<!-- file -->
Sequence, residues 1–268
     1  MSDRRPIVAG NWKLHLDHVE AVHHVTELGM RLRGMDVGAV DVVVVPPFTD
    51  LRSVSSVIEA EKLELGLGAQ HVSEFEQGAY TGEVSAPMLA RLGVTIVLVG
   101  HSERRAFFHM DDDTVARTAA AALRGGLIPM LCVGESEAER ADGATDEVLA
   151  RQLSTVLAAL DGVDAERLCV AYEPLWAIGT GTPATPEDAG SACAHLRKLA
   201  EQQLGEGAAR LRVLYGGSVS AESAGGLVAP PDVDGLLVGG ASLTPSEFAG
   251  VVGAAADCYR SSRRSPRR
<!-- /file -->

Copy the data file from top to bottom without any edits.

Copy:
Sequence, residues 1–268
     1  MSDRRPIVAG NWKLHLDHVE AVHHVTELGM RLRGMDVGAV DVVVVPPFTD
    51  LRSVSSVIEA EKLELGLGAQ HVSEFEQGAY TGEVSAPMLA RLGVTIVLVG
   101  HSERRAFFHM DDDTVARTAA AALRGGLIPM LCVGESEAER ADGATDEVLA
   151  RQLSTVLAAL DGVDAERLCV AYEPLWAIGT GTPATPEDAG SACAHLRKLA
   201  EQQLGEGAAR LRVLYGGSVS AESAGGLVAP PDVDGLLVGG ASLTPSEFAG
   251  VVGAAADCYR SSRRSPRR